How Does President Joe Biden’s Tax Plan Affect You and Your Estate Plan? 7 Vital Facts You Need to Know. Significant tax changes are expected in the near future if President Biden’s tax proposals go through
Significant tax changes are expected in the near future if President Biden’s tax proposals go through, and anyone with an estate plan aligned with previous tax strategies should consult with professionals to update their plan. An asset protection lawyer on the East End of Long Island can help you determine the possible impacts of tax law changes so that you have an updated estate plan to support you and your goals.
The tax plan’s primary changes include raising taxes for individual income filers, capital gains, and payroll.
In this article, discover seven fundamental proposed changes that might influence the effectiveness of your current plans. Even if you didn’t have an asset protection plan before, now is an excellent time to re-evaluate your toolkit and documents with the help of an estate planning attorney.
1. Repeal TCPA Aspects Associated with High-Income Tax Filers
For any tax filers with over $400,000 in taxable income, the previous tax rate of 39.6% would apply. Additionally, the president plans to repeal one other key aspect of the TCJA for high-income filers with a 20% deduction on qualified business income.
What does this mean? The wealthiest households in the U.S. would face a tax increase of around $300,000 a year, whereas most middle-class families would see a $260 per year increase. Some models estimate that the top 1% of tax filers would pay for nearly 80% of the proposed tax changes. This means there’s an ample opportunity for wealthy families to schedule a time to discuss these issues with an asset protection lawyer on the East End of Long Island; varying strategies can be used to help minimize the tax burden.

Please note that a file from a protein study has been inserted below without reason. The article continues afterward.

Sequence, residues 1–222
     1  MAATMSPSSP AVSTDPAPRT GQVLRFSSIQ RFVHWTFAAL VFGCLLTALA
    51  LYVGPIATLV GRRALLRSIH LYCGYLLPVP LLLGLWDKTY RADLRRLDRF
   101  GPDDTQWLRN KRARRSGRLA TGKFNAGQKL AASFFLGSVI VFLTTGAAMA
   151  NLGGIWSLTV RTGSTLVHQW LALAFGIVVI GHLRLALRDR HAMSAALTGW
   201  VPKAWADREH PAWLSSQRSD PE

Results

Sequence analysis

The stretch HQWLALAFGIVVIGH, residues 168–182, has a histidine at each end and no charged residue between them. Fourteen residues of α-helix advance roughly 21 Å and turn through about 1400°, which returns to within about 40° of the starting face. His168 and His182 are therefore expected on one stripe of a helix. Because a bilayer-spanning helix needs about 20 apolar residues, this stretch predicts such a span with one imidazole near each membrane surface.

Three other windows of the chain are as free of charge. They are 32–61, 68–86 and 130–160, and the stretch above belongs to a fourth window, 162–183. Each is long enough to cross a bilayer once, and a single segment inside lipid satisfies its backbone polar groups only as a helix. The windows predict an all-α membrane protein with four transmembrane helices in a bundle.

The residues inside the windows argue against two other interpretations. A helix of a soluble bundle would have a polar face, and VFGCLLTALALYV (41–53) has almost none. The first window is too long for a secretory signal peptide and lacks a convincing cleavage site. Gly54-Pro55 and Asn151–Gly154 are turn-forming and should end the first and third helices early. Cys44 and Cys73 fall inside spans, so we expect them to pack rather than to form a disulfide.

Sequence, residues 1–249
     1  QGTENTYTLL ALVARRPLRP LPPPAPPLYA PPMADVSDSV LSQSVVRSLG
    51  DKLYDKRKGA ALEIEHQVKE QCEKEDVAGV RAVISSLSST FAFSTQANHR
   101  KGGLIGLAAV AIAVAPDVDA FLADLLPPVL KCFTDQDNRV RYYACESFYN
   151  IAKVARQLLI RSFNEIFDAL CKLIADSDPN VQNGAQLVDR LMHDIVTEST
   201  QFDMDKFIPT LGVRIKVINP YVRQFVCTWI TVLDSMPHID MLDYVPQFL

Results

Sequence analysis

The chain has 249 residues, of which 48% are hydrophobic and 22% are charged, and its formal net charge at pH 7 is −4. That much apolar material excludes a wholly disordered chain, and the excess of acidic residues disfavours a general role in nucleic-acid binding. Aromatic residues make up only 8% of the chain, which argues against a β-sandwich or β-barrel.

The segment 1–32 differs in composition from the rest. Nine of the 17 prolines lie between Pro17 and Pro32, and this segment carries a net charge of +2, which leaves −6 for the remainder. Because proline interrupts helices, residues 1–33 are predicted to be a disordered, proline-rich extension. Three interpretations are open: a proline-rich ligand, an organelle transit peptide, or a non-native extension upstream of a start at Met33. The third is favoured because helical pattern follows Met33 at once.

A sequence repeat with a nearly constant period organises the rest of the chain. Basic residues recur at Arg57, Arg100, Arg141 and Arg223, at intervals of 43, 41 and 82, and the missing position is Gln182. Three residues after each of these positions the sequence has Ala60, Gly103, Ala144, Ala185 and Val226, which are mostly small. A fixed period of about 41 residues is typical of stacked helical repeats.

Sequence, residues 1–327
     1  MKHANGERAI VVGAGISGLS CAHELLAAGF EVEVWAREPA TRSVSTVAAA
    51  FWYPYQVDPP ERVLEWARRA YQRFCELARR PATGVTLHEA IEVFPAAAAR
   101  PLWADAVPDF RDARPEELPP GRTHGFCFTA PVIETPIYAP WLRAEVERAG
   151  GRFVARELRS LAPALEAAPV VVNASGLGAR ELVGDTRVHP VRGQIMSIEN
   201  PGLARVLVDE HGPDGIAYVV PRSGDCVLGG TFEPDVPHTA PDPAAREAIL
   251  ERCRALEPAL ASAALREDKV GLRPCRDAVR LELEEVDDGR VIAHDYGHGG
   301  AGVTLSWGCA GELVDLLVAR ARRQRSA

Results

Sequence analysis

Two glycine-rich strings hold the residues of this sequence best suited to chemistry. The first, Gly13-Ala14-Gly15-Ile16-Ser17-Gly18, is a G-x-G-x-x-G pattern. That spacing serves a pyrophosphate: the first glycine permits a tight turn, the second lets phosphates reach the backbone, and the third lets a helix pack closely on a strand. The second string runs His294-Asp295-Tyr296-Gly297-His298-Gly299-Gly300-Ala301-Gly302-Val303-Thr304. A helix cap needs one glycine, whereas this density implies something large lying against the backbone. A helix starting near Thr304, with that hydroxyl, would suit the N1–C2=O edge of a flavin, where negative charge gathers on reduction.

2. Impose 12.4% Social Security Payroll Tax for Wages Above $400k
Employers should be aware that both employers and employees would face a 6.2% tax on all earned income above $400,000. However, no additional Social Security tax would be imposed on those earning anywhere from $142,800 and $399,999. Employers should be prepared to update their payroll tax plans according and potentially handle questions from workers about this higher take out of their checks.
3. Raise the Corporate Income Tax to 28%
Before the Tax Cuts and Jobs Act (TCJA), the corporate income tax rate was 35%. That dropped in 2018 with the act’s passage down to 21%, and Biden plans to bring it back up. Corporations who have adapted their tax strategies in light of the lower rate should be prepared to make potential shifts in their planning.
Business owners who also have individual estate planning needs should leverage an asset protection lawyer on the East End of Long Island to understand better how this influences their future.
4. Create Corporate Minimum Tax
Many of the changes impacting business involve a revisit to the Tax Cuts & Jobs Act, but most experts believe that Biden will increase corporations’ minimum tax. According to those who have analyzed the administration’s proposals, the top corporate tax rate will go to 28% from 21%.
What’s important to note with this proposed change is that it’s still below the typical rate for comparison in Europe but would indicate a 33% increase from what these corporations currently pay. While some experts believe this will not lead to substantial changes in corporate tax tactics, it might be worth speaking with your tax professional about whether existing plans need to be adapted.